We took weaving and 'reusing' a step further with UNESCO club and made colourful containers with empty plastic bottles and weaving yarn.

The girls had a natural flair for colour and patterns and needed little instruction - most can weave kiras or yathra. These were displayed at a presentation night with other 'upcycled' craft.

We read a book about a girl who made a cardboard crown and immediately after the Class 2s asked if we could also make crowns - Why not?

In a country that loves their many kings and queens, it was not a surprise students loved this craft.

Eventually every class from PP - 5 made a crown - even 14 and 15 year olds were thoroughly engaged and proudly wore their crown home down the main street.

Gotta love these guys!

Sangay named his people after all his friends.

Even a simple task like this involved lots of fun conversation. We were in hysterics over normally demure Dechen's bikini wearing person! Not something one sees in Bhutan very often!

 Teaching measurement - students brought in scales from home and we predicted and estimated and measured - so many rich language opportunities!

Ed Emberley fingerprint art - another activity that attracted a crowd of friends from other classes after school.


The Gruffalo is a favourite story. After reading with Class 1 and 2 we drew our own scary monsters. For Class 1, with limited English it was hard to understand that their monsters could be unique and they didn't have to copy my example.


We made air-propelled rockets on Friday afternoon and then had a competition on Saturday morning to measure how far they could fly. Measuring and recording scores was a chance to include some maths.

Kinga is a student of mine who struggles with both English and Maths, but he has talent and a passion for art - his work is always neat, colour coordinated and beautifully presented. I love seeing students have the chance to shine.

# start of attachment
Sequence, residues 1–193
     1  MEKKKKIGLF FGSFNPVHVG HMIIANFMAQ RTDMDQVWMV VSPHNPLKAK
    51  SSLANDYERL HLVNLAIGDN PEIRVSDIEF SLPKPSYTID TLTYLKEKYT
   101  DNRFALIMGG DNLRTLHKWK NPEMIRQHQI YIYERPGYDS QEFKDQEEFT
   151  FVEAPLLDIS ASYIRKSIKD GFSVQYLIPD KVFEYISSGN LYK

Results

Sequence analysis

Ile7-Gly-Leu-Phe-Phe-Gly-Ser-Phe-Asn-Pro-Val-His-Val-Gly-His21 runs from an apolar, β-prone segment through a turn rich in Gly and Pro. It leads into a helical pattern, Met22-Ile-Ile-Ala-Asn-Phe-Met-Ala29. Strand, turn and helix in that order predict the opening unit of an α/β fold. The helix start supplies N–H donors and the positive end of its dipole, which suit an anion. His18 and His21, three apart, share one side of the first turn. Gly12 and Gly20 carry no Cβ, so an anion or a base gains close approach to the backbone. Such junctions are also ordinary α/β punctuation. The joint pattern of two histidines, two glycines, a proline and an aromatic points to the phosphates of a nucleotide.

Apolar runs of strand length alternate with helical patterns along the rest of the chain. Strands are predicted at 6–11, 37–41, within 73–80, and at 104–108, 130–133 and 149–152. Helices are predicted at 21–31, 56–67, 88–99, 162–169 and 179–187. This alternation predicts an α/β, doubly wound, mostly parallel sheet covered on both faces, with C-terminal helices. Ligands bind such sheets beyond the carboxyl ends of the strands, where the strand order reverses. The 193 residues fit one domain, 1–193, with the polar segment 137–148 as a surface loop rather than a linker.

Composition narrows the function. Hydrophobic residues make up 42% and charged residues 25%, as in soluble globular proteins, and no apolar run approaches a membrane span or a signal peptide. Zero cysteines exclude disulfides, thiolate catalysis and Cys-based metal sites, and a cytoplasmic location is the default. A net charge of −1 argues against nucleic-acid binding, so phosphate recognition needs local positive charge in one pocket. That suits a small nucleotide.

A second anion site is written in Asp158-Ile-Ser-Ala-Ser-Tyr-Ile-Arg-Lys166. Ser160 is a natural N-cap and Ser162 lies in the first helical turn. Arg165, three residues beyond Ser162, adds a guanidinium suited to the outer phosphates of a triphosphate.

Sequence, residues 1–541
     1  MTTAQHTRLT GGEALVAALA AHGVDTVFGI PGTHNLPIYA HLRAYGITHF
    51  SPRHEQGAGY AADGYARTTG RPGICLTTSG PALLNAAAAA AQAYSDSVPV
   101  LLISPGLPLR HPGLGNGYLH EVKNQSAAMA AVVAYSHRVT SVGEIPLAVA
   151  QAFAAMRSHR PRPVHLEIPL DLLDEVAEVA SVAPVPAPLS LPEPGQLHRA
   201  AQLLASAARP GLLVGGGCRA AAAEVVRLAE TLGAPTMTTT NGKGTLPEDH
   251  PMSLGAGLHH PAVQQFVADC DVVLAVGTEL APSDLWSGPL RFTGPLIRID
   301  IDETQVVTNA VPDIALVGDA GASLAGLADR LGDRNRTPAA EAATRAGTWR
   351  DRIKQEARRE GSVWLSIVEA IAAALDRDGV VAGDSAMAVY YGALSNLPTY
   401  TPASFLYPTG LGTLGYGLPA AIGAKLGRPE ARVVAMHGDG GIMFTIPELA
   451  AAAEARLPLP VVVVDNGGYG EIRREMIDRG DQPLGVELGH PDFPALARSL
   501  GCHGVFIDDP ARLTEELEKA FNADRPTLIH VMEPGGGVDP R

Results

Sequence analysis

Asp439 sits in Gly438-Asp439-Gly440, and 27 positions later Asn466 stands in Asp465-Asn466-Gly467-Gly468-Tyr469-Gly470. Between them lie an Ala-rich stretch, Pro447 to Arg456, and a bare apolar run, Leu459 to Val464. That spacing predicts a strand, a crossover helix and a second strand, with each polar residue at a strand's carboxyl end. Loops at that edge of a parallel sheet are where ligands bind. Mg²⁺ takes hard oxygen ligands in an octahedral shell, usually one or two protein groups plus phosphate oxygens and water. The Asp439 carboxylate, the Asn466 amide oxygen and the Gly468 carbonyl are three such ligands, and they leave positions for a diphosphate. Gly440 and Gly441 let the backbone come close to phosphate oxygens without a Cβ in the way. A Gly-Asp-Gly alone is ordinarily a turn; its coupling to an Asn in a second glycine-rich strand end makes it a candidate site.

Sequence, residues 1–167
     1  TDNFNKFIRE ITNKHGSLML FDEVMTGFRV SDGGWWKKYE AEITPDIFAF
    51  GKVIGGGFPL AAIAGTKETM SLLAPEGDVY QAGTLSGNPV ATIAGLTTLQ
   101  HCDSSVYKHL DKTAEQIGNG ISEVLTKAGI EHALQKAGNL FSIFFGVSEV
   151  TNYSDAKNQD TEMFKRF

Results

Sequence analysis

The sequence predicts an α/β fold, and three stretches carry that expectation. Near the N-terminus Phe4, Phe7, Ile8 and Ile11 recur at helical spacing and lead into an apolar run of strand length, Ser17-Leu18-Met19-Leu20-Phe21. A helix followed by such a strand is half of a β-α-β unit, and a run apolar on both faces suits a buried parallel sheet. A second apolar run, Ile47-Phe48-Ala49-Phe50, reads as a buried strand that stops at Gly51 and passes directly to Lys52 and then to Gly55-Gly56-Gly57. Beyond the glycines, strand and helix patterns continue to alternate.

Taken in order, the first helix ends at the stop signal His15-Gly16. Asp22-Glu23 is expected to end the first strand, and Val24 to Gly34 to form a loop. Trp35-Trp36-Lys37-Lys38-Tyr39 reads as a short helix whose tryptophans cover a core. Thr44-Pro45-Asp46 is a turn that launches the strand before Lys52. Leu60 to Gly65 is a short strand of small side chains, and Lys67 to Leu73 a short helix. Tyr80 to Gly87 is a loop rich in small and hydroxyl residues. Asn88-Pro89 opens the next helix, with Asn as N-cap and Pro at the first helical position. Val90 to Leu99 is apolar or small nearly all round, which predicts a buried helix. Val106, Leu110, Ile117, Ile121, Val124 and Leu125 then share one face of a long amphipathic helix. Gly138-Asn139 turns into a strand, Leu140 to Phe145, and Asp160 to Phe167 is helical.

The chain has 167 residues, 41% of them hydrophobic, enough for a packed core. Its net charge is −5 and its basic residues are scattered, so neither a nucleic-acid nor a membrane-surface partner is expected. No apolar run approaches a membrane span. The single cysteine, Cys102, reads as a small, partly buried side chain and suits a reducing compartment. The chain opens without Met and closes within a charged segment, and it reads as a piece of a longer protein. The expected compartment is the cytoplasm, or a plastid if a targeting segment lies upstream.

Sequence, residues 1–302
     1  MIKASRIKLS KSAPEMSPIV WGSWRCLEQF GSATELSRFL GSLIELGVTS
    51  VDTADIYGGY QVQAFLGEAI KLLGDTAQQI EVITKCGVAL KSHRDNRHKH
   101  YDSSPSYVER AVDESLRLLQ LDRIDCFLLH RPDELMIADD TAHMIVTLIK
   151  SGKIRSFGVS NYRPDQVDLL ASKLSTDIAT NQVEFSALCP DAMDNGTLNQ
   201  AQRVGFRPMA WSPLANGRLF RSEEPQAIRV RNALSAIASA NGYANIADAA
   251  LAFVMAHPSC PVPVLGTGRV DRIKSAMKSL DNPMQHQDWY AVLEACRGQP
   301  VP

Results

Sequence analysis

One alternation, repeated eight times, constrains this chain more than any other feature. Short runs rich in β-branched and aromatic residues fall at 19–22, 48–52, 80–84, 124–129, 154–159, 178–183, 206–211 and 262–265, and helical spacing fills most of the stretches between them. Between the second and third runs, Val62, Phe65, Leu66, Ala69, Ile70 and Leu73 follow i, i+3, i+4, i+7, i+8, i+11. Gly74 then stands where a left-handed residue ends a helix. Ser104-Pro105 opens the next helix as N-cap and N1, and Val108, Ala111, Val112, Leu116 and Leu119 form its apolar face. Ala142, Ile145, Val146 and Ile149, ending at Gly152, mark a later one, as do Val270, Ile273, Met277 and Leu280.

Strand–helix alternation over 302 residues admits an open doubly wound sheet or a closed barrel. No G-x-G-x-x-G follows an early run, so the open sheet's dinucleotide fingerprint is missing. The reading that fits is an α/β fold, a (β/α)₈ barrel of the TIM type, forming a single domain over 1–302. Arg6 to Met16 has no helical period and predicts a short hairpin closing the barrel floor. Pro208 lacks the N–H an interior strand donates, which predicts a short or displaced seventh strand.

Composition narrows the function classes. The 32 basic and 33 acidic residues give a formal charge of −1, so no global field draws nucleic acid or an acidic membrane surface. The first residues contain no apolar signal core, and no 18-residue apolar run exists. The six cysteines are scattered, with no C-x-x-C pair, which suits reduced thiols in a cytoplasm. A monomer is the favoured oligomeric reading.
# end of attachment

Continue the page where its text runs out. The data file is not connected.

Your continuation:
Students were so proud of their simple creations. Many made further models at home with improvements and innovations on the basic design. Win Win!

 Measuring and mixing icing and making 'freckle biscuits' (icing sugar, food colour and sprinkles are not available locally) was a special treat for a Saturday morning. We followed up with writing a recipe on the Monday.

Students got to make a few and all took some home to share with siblings and parents.

Can't beat a smile like that!

Class 2 and UNESCO Club tried out 'Continuous Line' portraits. A challenge, but fun.


Lots of work exploring symmetry lately - which lends itself perfectly to art.
Jumping frogs - a project from a craft book that the students wanted to make - there was quite a bit of measurement involved so fun and learning at the same time.
I thought kids would love to explore symmetry by trying these owls. Would you believe that to get photocopies I travelled 1.5 hours away (we were there for the weekend anyway).
I planned to keep these frogs for the following week, but the kids begged me to do them the next day. The only worksheets we've had all year!
Frogs were harder, but kids relished the activity.

Early finishers had a go at drawing symmetrical Christmas trees which has sparked a huge fascination for Christmas.
Neat work boys.
Symmetrical sparkly butterflies.

With only three teaching weeks left, the fun is far from over. We will be busy revising for the end of year exams, but also including some fun in the form of making Christmas decorations for the tree I am going to have in the library in preparation for our end of year Christmas party (on November 15th). I'm sure there'll be a blog post about it at some point!
And tomorrow we are going to make a mess making playdough - measuring ingredients, following a recipe, so much fun and they won't even realising we're ticking boxes for maths and English.
Postscript: Had to share the photos of the playdough making. At times I wonder if I'm a bit crazy but yesterday I knew for sure - all that mess in the LIBRARY! But amazingly it all turned out fine!


  1. you're warming my heart with these activities ... who'd have thought that the kids could have fun, be creative AND learn stuff at the same time!! ;)
    Love it! enjoy your last weeks - keep going xx

    1. I thought you'd love the 'craft revolution' - these kids are obsessed with making htings now! Everyday I get a little cardboard bee or paper and pencil rocket or something else they've made from a book. They are the only class in the school obsessed with craft so I'm pretty sure it has something to do with Friday afternoon 'art' - who knows where it might take them in life?

  2. The enjoyment just oozes from your writing and the photos. You will take such memories away with you and I'm sure you've learnt as mych as the children have done from you.

    1. Thanks Bridget, it is a pleasure to bring this type of happiness to these kids, I feel closer with them than any kids I've ever taught, you're right ive learned a lot from them as well.